Upon leaving the Daintree Rainforest the car almost died!! Ok, not really, not at all, I’m just an idiot. It turns out oil bubbling from your bolts does not mean your car will soon explode, but you just have a couple of leaky seals. Deeper investigation and lots of frantic Googling after a long walk to the headland, where the only mobile phone signal and internet can be found, taught me this. The journey continues and the car lives on. Note to self: Learn more about cars.
From the Daintree Rainforest, via a rather creepy abandoned Rainforest Resort – a huge place, all overgrown like something out of Jurassic Park – we head south, back past Cairns, to the Atherton Tablelands. A beautiful area about 1-and-a-half hours south west from Cairns, the Tablelands is a huge plateau about 700m above sea level, that looks a bit like the rolling hills of Devon, with some more waterfalls and better weather thrown in. We explored the Tablelands for 2 days, uncovering the history of a peculiar place called Paronella Park – built by some Spanish fella back in the 1920s and 30s, set in 16 acres of beautiful grounds with the huge Mena Creek Falls as the centre piece – as well as scaling Mt Baldy (barely a mountain, but more of a hill – still a nice steep ascend to get your blood pumping), eating “Devon Cream Teas” at a tea house on Lake Barrine (they try these Aussies, but Devon Cream Tea my ass), swimming in some beautiful swimming holes and waterfalls, such Josephine Falls which is a natural waterslide, before hopping onto our bikes for a spot of jungle cycling.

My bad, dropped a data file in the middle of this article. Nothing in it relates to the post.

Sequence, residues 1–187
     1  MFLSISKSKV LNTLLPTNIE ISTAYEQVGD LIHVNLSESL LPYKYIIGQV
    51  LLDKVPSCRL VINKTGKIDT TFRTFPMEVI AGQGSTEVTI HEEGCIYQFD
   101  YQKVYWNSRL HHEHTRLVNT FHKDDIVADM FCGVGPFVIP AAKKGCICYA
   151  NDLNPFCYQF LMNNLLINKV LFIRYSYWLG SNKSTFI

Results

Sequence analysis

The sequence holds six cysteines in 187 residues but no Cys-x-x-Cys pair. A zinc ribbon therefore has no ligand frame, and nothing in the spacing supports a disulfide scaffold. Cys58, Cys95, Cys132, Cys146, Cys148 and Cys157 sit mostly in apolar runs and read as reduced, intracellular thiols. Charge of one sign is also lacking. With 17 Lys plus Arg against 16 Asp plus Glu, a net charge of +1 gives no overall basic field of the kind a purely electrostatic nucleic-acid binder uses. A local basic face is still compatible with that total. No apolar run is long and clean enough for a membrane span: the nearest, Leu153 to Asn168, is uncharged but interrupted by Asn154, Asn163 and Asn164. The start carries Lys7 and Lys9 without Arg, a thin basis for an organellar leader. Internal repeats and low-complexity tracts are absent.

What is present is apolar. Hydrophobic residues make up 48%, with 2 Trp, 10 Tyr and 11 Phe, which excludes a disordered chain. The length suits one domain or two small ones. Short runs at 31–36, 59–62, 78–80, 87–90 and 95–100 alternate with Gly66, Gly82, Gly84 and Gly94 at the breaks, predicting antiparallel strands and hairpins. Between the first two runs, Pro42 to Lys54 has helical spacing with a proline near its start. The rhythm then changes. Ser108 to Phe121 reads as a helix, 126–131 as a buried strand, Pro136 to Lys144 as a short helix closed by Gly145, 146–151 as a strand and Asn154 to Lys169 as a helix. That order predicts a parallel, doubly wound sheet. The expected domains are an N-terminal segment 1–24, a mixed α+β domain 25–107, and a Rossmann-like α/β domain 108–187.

The Atherton Tablelands also provided a bit of entertainment, as we decided it was about time we removed the Huntsman spider that had taken up residence in the boot of our car. We decided dusk was a great time to attempt this task (fucking stupid idea), so we proceeded to poke and prod Harvey (the Huntsman – yes we had named him…) with a stick, trying to rouse him, get him on the stick and safely deposit him somewhere nearby, but not too close. Of course, I dropped him from the stick and lost him in the dark, and only found him again after about 5 minutes as he scampered across the grass towards my bare feet (bare feet – another stupid idea). I ushered him onto my stick again and this time released him safely into a nearby tree. Ordeal over.
From the Atherton Tablelands we made our way south towards Airlie Beach and the Whitsunday Islands for a little bit of island time.
**REEF PHOTOS TO FOLLOW – We have a new GoPro and it’s very very exciting!**